We have many instances in the medieval history, how the Vedic doctrine of inequality had started poisoning the peoples mind. Though they didn’t create birth based caste system, they provided pseudo-divine reasoning for its brutal existence. Hemadri Pundit, a Minister of Yadavas, authored Chaturvarga Chintamani in which over 2500 religious rituals was listed, most of which never existed before. 
The Vedicism and Vaidik Brahmins become an evil force as they misused the religious authorities over the people those never belonged to their religion.  The Fraudulent nature that persisted in them since the Gupta era, took disadvantage of the changed circumstances. They used every tool to impose their supremacy that made their life easier. Even they corrupted the religious scriptures. Rather, they imbibed the Vedic divine order theory in the minds of the distressed people during this era. The social inequality, they tried to connect with the Vedic ladder-like social order. Varna system thus started plaguing Hindu’s and they too started to connect, like Varna system, their superiority over some while inferior to another with their natural social status of the time. 
This situation created such a complex relationship between the castes  and subcastes that even acceptance or rejection of food or even water from other castes became a preordained custom. The inter-caste marriages became almost rare, and if conducted the families of the concerned couple were thrown away from the castes or punished heavily. These customs were made and enforced by the caste assemblies. Hence, it can be said that the tyranny of the caste assemblies too were responsible for the tightening of the caste-grip.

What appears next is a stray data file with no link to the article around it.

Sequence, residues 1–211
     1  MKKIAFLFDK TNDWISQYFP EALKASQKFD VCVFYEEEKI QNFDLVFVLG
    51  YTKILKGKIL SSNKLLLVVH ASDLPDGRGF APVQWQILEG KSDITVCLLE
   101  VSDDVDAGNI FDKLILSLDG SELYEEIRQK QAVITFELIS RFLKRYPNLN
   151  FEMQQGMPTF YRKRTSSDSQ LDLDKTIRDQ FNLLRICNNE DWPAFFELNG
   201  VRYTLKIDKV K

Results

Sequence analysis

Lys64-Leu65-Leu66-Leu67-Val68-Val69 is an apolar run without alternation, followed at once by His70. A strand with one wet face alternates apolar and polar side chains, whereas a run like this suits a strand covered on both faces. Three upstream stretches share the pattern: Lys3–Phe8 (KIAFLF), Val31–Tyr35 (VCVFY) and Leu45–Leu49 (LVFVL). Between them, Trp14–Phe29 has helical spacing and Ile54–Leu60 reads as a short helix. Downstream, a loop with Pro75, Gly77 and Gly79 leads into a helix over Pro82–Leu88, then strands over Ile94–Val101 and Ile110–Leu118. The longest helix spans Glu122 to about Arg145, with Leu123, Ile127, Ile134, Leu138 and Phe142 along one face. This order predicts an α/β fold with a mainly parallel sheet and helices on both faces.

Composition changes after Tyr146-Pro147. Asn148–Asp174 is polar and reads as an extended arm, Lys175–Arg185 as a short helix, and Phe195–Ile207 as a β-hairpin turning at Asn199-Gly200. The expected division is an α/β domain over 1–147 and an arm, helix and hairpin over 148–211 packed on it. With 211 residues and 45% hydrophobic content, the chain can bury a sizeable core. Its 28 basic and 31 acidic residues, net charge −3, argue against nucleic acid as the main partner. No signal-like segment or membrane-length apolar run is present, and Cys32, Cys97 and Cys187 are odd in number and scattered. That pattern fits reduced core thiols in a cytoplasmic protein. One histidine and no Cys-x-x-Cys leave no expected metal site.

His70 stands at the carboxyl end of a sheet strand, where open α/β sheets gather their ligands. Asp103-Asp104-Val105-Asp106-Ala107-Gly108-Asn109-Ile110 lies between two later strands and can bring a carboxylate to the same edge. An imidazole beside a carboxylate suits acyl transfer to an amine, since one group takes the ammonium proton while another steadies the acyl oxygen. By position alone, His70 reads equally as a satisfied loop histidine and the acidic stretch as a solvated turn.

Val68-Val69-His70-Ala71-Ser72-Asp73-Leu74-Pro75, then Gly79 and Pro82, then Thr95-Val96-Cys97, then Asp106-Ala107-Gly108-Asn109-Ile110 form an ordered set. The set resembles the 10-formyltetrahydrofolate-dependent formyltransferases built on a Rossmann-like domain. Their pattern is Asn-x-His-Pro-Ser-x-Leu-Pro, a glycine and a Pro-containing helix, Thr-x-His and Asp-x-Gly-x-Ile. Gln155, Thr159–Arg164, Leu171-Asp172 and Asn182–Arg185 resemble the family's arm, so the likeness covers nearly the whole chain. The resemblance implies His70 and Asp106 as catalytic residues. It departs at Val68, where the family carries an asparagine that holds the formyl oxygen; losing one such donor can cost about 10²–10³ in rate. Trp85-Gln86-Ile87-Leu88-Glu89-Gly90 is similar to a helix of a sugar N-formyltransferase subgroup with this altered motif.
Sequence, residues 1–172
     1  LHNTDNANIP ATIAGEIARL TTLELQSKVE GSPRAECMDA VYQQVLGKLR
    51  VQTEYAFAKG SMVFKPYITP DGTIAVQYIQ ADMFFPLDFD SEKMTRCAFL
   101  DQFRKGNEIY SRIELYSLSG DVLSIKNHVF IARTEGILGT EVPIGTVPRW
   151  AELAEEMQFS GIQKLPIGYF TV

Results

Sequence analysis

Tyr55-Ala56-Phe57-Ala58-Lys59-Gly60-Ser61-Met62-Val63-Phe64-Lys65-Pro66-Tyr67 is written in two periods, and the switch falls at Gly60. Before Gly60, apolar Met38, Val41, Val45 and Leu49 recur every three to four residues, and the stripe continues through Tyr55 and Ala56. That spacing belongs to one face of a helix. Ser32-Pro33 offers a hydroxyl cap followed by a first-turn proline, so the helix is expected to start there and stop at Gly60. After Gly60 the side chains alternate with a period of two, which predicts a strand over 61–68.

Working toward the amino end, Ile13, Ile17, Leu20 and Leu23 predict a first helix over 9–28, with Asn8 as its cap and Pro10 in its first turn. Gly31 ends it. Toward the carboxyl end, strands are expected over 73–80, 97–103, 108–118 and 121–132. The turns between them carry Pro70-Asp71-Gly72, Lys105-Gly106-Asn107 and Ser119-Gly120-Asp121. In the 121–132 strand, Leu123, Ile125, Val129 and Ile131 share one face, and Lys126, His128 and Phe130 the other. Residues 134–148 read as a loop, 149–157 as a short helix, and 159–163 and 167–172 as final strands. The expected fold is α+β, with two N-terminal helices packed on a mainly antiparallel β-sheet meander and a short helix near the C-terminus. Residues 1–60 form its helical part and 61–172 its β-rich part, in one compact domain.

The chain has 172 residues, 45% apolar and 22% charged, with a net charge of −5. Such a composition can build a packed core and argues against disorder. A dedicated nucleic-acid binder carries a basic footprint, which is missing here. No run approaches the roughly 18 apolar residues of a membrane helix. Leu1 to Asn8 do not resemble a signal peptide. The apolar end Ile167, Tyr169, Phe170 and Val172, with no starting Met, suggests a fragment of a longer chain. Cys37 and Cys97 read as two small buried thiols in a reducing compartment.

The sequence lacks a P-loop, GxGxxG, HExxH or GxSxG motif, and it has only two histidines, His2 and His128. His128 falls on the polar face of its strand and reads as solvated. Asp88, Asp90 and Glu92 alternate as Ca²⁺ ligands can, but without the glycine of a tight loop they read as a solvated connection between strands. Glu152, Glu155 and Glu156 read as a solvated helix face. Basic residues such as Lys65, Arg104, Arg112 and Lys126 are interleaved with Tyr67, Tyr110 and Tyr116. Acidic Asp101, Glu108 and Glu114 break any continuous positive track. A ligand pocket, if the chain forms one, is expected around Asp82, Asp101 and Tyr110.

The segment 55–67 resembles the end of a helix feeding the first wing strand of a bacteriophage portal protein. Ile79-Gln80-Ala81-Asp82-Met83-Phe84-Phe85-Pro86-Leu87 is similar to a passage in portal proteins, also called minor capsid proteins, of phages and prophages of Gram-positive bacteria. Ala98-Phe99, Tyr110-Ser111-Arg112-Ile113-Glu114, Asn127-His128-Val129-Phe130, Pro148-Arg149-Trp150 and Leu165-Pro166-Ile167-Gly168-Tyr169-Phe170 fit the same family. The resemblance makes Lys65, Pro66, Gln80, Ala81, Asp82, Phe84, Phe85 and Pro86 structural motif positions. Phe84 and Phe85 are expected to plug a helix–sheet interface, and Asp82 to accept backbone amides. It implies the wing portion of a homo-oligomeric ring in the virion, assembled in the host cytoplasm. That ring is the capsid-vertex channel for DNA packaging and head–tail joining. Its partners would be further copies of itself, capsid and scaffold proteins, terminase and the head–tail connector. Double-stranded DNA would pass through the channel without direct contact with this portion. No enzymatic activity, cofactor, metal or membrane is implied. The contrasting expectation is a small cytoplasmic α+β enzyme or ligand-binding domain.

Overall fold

Though it had inherent limitations, the movements against brutalities of the caste system begun by the 12th century to break the caste barriers. To do so it was essential to overthrow the yoke of Vedic dominance and doctrine of birth-based inequality. Though Hindu followed their ancient religion in this era too, the Vedic philosophy had penetrated into the minds of the people through the corrupted Puranic tales and new myths. Very few saints realized this and tried to delink Hindu religion from the Vedic dominance, but ultimately failed to do so. 
(To be contd.)